Exploring romantic relationships can be stressful at any age, and for queer kids, there can be the added pressure of having to clearly define their sexuality. Parents can lessen this burden by reassuring their kids the door is always open when it comes to matters of sex, sexuality, and identity. In households where this is the case, “children are much more likely to come to their parents when they are ready to discuss,” Dr. Holt says.
Go Beyond Mere Acceptance
It’s also worth going out of your way to let your kids know queerness is not just normal but something to be celebrated. In a discussion with Jason Black, a producer and LGBTQ activist, he stressed this point, telling me it’s about time we take the discussion beyond “If you’re gay, it’s OK” to something more along the lines of, “If you like a guy, or a girl, or both, here’s how to be safe and respectful of both yourself and that other person.” This is another way parents can pivot away from the misconception cisgendered heterosexuality is the default setting rather than one point on a vast spectrum, while also setting up a larger conversation about respect and consent.
Make It an Ongoing Conversation
While puberty is a classic time to open up the discussion about sex, you can softly start to approach the subject earlier depending on your kid and how curious they are about sex and identity. In Dr. Holt’s mind, there isn’t a wrong time to go about it, as long as you’re rising to the occasion when your child needs you for support and honest advice.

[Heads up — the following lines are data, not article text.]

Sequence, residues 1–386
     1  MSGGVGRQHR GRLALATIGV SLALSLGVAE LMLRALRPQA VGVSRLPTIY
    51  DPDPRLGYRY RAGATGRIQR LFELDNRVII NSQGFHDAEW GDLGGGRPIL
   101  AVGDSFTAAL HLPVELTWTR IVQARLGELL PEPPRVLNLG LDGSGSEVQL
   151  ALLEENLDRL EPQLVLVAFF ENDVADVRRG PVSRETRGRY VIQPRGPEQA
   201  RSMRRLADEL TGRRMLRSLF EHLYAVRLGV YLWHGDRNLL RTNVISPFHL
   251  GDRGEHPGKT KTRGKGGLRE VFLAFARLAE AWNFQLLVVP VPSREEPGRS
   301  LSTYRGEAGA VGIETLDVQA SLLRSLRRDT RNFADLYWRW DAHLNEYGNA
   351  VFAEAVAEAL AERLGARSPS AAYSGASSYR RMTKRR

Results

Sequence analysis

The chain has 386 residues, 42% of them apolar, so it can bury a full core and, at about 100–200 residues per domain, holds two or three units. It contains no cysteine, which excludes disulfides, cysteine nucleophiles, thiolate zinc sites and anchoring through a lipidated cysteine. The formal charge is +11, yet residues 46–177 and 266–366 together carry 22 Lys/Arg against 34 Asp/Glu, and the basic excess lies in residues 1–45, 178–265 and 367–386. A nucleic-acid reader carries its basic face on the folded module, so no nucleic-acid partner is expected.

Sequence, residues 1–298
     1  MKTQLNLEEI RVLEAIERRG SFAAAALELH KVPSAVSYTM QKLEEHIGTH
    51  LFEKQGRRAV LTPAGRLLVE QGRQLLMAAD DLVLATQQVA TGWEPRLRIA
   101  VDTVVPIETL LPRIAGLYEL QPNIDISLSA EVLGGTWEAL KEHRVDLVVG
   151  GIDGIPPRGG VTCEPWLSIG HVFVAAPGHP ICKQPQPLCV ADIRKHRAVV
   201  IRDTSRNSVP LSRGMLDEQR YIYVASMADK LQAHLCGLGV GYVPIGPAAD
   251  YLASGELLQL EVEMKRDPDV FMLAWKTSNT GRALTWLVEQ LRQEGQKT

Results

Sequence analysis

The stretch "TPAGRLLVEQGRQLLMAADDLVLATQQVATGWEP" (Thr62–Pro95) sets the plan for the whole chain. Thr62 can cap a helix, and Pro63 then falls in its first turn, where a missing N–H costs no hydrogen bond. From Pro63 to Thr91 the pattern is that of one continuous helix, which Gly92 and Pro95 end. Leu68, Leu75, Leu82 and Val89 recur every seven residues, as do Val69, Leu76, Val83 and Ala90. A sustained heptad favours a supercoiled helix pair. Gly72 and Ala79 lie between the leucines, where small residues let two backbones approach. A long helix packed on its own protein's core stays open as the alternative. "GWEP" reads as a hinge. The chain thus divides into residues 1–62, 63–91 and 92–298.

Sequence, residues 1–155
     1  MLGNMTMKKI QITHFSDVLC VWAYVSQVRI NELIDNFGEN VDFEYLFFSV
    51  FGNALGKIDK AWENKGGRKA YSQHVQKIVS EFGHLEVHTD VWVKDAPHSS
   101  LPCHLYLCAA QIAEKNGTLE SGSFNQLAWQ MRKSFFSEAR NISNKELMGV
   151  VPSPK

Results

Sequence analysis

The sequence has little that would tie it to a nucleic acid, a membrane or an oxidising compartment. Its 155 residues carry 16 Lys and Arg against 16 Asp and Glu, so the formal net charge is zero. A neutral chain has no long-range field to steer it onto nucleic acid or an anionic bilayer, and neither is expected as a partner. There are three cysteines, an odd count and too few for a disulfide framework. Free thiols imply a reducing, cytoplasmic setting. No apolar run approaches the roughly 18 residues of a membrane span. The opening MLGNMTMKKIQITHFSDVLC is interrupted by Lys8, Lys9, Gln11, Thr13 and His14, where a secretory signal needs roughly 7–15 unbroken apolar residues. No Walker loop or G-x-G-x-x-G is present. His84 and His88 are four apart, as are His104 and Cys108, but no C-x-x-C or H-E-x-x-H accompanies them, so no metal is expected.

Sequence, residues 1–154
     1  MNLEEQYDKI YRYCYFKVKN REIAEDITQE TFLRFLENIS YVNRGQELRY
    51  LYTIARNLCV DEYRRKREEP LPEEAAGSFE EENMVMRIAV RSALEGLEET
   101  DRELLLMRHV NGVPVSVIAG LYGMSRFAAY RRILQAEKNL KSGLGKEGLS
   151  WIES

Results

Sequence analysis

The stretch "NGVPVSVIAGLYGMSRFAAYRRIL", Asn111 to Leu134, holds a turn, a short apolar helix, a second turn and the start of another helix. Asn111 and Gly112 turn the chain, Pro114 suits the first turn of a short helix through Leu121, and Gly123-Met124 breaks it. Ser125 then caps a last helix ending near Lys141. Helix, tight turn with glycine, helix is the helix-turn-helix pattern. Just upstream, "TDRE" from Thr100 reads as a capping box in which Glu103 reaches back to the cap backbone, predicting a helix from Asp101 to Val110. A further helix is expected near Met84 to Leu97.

As a culture, we tend to think of it as one big discussion in which all questions are brought to the table and answered factory-line style. In reality, ongoing, casual conversations would be more helpful and less intimidating for both kids and parents—no matter where they fall on the sexual spectrum. There are plenty of online resources to help you out along the way. The CDC has tons of information for LGBTQ youth, as does PFLAG, an organization founded specifically for parents, friends, and allies of the LGBTQ community.
Don’t Worry About Getting Everything ‘Right’
If I’ve learned anything, it’s that straight parents can feel reassured knowing their love and willingness to learn mean more than their ability to master queer terminology. That day I came out to my mom, she told me I was like Julia Roberts in the seminal, egg-sampling scene from Runaway Bride. For those who can’t immediately conjure this scene, Roberts makes and eats eggs using every technique you can imagine after realizing she failed to form opinions of her own in a relentless quest to appease the men in her life. “You need to try all the eggs to know which kind you like,” my mom said, and despite the somewhat grotesque imagery, I knew she was listening and I was loved. Ultimately, that’s what counts.